|Thomas Stanley, 2nd Earl of Derby|
Thomas Stanley, 2nd Earl of Derby
|Died||23 May 1521|
Edward Stanley, 3rd Earl of Derby
|Father||George Stanley, 9th Baron Strange|
Thomas Stanley, 2nd Earl of Derby (before 1485 – 23 May 1521) was an English nobleman, politician, and peer.
Thomas Stanley was the eldest son of George Stanley, 9th Baron Strange and Joan Strange, daughter and heiress of John Strange, Lord Strange of Knockin, by his first wife, Jacquette Woodville, daughter of Richard Woodville, 1st Earl Rivers. He was the grandson of Thomas Stanley, 1st Earl of Derby, and Eleanor Neville, fourth daughter of Richard Neville, 5th Earl of Salisbury, by Alice Montagu, the daughter and heiress of Thomas Montagu, 4th Earl of Salisbury. After the death of his first wife, Eleanor Neville, Thomas Stanley's grandfather married Margaret Beaufort, widow of Edmund Tudor, 1st Earl of Richmond, and mother of King Henry VII.
Stanley had four brothers, Anthony, John, Sir James and George, and five sisters, Elizabeth, wife of Sir Edward Stanley, Eleanor, Katherine, Joan, who married Sir Robert Sheffield, and Margaret, wife of John Osbaldeston, esquire.
As a result of his marriage to Joan Strange, Thomas Stanley's father, George, had been summoned to Parliament by writs directed to Georgio Stanley de la Strange, by which he became Lord Strange. George Stanley died at Derby House, London, on 4 or 5 December 1503, predeceasing his father. He was said to have been poisoned at a banquet.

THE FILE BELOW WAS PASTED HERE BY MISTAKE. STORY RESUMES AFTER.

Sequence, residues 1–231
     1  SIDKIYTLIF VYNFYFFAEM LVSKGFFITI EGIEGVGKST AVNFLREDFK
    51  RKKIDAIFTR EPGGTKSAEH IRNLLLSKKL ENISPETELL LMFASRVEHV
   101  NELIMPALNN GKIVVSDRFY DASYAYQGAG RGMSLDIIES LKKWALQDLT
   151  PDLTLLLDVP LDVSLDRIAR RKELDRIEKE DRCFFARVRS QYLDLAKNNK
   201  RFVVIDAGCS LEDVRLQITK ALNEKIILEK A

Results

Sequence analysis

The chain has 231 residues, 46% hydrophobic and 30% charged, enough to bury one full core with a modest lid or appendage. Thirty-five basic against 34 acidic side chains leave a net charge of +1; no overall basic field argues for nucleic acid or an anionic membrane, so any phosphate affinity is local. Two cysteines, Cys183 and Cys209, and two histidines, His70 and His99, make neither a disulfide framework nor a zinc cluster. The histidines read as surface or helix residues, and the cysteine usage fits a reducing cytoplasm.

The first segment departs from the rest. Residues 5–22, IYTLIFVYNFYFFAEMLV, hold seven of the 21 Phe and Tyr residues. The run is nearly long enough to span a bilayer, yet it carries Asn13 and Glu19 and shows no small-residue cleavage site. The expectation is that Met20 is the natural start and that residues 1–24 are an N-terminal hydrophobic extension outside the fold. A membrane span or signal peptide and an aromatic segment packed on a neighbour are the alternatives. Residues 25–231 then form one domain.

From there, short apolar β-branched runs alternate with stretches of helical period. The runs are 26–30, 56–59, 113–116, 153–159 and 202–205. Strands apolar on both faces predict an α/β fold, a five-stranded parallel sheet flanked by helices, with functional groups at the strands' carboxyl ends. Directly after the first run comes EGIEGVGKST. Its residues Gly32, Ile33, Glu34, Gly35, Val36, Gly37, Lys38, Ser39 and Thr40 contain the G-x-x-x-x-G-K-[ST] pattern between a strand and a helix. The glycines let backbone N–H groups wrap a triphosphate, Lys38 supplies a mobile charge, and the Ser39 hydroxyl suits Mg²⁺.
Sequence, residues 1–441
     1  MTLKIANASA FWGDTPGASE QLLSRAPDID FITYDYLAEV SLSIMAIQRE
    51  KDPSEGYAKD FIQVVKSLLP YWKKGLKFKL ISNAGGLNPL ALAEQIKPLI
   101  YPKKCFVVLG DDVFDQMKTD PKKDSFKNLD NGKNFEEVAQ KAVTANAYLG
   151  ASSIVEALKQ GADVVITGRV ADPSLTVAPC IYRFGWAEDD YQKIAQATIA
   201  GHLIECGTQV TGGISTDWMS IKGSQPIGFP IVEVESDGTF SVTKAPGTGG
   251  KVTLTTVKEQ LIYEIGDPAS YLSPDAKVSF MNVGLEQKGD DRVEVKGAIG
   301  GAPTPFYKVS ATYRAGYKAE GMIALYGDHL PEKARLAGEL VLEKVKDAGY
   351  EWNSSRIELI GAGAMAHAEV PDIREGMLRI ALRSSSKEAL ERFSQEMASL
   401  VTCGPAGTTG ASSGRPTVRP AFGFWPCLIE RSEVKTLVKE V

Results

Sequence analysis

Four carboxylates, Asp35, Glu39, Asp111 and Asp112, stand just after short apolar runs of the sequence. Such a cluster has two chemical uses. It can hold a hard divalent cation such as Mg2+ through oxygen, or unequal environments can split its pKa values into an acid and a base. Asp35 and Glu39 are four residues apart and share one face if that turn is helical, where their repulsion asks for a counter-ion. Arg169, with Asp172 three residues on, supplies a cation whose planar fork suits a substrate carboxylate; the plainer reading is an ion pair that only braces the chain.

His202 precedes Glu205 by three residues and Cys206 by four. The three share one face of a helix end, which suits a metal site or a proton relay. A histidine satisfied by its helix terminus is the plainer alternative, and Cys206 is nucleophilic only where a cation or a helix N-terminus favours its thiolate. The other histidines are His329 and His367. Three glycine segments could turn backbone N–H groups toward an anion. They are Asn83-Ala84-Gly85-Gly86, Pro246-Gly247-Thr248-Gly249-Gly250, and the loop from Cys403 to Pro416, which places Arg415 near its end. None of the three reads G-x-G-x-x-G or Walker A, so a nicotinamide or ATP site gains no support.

A year later Thomas Stanley's grandfather, the 1st Earl, died at Lathom in Lancashire on 9 November 1504, and Thomas succeeded to the earldom of Derby and the barony of Stanley.When his mother died at Colham Green, Middlesex, on 20 March 1514, Derby inherited the baronies of Strange and Mohun.
Derby was at the Battle of the Spurs in 1513. Both he and his wife were in attendance at the Field of the Cloth of Gold in June 1520, and Derby attended the King at his meeting with the Emperor Charles V at Dover later that year. In the same year, Derby became a member of Gray's Inn.
Derby died at Colham Green, Middlesex, on 23 May 1521, and was buried at Syon. His widow, Anne, died at Colham Green, and was buried 17 November 1550.
Derby's line failed with the death of James Stanley, 10th Earl of Derby in 1736, when the earldom passed to a descendant of his younger brother, Sir James Stanley, ancestor of the Stanleys of Bickerstaffe.[ citation needed ]
Derby was betrothed in 1498 to Elizabeth Wells, the daughter of John Welles, 1st Viscount Welles, by Cecily of York, the daughter of King Edward IV and Elizabeth Woodville. A papal dispensation was obtained for the marriage. However Elizabeth died that year. By indenture dated 17 December 1505 Derby married Anne Hastings, the daughter of Edward Hastings, 2nd Baron Hastings, and Mary Hungerford, and by her had two sons and a daughter:
The failure of Thomas Stanley's grandfather, Lord Stanley, to come to the aid of King Richard III at Bosworth contributed to King Richard's defeat. Lord Stanley, who was by then married to the future Henry VII's mother, Margaret Beaufort, is given a major role in Shakespeare's Richard III. Lord Stanley's son, George, Thomas Stanley's father, was held hostage by King Richard, as noted in this speech given to Lord Stanley in Act IV, scene v of the play: